More Pain, But No Gain in Store.
By Don Quijones, Spain & Mexico, editor at WOLF STREET.
No matter how fast Spain’s economy grows, its government cannot seem to get a grip on its spending habits. This year is going to be the eighth consecutive year that Spain has overshot its fiscal target. Originally, the Spanish government was supposed to get its deficit back below the EU’s sacred limit of 3% of GDP by 2013, from a staggering 11% in 2011. When it became clear during the darkest days of the crisis that it would be impossible, the deadline was extended by a year. A year later, Madrid had made so little progress that it got a further two-year extension, to 2016.
Now, things are so serious that the EU is threatening to sanction Spain, as well as Portugal, up to 0.2% of GDP for failing to bring their deficit under the targets set by the Commission. It will be the first time that the EU has adopted such punitive measures, but for the biggest repeat offender of excess deficits, France, there is no punishment. Quelle surprise!
Spain, by contrast, could end up facing a fine of as much as €2 billion. All will depend on how much and how convincingly the Spanish government commits to reduce its deficit next year. Naturally, the fine will not be paid by the politicians who failed to play by the rules agreed upon in Brussels; it will be paid by the citizenry who are already suffering the consequences of the recession that helped cause the deficits.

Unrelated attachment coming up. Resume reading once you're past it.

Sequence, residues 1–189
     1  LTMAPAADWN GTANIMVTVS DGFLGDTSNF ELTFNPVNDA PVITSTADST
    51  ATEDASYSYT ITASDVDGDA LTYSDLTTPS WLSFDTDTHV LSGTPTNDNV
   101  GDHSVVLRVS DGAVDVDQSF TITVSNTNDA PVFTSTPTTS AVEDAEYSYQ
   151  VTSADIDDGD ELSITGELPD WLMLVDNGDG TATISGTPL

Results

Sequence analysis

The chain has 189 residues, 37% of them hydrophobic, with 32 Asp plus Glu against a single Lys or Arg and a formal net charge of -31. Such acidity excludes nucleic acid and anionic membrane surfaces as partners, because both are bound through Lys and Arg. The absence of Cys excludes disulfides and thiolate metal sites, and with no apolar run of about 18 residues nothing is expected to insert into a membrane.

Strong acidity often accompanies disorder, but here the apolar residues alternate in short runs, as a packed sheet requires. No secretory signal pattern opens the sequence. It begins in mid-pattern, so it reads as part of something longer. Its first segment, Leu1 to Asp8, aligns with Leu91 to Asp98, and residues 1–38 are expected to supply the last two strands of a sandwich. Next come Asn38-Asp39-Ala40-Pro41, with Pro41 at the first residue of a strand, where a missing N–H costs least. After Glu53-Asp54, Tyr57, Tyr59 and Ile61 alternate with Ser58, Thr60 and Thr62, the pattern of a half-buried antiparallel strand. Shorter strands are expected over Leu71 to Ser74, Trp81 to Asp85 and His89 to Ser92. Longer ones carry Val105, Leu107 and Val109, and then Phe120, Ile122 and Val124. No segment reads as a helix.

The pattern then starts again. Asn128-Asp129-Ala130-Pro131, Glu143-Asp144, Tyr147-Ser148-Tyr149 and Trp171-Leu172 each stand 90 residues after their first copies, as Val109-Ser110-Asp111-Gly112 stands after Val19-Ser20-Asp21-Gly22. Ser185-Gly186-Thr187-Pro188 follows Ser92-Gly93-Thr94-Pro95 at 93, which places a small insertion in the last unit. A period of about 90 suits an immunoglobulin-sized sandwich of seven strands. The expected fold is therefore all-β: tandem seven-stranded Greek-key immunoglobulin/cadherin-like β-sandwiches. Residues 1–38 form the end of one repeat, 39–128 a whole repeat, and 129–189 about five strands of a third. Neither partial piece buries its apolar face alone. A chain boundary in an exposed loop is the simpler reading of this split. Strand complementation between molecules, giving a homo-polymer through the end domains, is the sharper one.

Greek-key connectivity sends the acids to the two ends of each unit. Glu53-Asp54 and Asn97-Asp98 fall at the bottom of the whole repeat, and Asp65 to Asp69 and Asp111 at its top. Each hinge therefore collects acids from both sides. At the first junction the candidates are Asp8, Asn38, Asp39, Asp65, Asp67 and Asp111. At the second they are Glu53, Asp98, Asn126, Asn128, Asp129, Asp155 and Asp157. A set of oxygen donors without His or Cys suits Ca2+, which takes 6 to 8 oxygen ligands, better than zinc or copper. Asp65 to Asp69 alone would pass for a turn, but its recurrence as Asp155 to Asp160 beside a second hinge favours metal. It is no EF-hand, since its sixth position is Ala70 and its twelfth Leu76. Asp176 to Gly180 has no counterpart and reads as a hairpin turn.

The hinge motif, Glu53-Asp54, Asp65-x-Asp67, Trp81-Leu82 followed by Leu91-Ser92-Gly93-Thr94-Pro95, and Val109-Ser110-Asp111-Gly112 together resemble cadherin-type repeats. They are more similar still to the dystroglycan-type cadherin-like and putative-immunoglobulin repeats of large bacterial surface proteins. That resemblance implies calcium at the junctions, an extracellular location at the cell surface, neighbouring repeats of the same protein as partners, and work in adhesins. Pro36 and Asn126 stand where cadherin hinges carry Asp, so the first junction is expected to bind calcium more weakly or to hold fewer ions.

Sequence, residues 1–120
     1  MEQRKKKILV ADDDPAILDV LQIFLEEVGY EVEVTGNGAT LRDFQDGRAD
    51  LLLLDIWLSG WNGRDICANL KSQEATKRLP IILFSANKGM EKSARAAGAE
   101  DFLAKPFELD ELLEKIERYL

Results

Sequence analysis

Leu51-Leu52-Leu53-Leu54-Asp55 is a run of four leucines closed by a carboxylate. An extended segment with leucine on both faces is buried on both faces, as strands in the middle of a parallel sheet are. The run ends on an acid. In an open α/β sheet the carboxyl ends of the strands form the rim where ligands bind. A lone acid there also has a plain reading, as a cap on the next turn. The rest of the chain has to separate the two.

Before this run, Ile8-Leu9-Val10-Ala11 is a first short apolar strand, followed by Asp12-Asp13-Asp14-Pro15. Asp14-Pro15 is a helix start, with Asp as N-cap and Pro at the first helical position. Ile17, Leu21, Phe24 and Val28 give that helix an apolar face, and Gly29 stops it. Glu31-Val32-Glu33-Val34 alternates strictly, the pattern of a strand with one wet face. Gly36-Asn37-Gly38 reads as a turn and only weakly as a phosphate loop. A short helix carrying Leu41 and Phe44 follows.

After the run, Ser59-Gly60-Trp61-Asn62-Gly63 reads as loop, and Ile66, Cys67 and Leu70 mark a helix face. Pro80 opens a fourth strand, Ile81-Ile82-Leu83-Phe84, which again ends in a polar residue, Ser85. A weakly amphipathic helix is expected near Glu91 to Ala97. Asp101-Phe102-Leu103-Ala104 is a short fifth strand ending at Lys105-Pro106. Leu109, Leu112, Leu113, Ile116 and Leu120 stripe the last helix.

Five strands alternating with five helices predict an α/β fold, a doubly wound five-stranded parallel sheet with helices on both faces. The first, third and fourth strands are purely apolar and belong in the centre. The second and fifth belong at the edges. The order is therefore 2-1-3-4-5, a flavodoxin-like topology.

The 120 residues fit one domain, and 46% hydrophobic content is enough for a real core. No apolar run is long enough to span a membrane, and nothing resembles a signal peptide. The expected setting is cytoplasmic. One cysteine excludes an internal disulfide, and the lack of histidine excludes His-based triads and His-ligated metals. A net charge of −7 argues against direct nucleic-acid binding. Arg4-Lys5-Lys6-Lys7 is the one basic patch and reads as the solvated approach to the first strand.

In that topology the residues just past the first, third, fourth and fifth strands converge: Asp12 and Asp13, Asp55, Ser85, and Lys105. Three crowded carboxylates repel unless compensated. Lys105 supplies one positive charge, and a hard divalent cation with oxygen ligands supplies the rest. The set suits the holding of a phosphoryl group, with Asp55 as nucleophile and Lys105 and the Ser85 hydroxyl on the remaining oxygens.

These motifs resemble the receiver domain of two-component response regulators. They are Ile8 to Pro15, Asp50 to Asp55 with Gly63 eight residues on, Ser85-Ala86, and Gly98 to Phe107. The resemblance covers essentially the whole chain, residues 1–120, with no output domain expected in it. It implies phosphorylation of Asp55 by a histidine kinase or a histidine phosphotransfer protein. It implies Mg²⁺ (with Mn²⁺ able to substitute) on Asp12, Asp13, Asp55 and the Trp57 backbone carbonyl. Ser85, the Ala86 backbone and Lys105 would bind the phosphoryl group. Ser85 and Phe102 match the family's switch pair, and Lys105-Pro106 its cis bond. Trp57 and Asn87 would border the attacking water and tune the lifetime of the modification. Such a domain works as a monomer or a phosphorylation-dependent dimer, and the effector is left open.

The Rajoy government purposefully loosened the belt last year in a blatant effort to curry favor with voters ahead of the elections, during which time the Commission’s fiscal hawks were conspicuously silent. In fact, Brussels decided to postpone negative opinion on the Spanish budget for 2016 – a budget that had been drawn up with one basic goal in mind: to buy off as many gullible voters as it takes to tilt the electoral balance in the Rajoy government’s favor.
Austerity was suspended, spending was hiked, public sector jobs suddenly grew in number, and tax cuts were brought forward. Yet when Europe’s Economic and Taxation Affairs Commissioner Pierre Moscovici told the press that Madrid was at “risk of non-compliance” with the Stability and Growth Pact – not only for 2016 but for 2015 as well — he was quickly silenced by both the European Commission and Germany’s Finance Minister Wolfgang Schaeuble.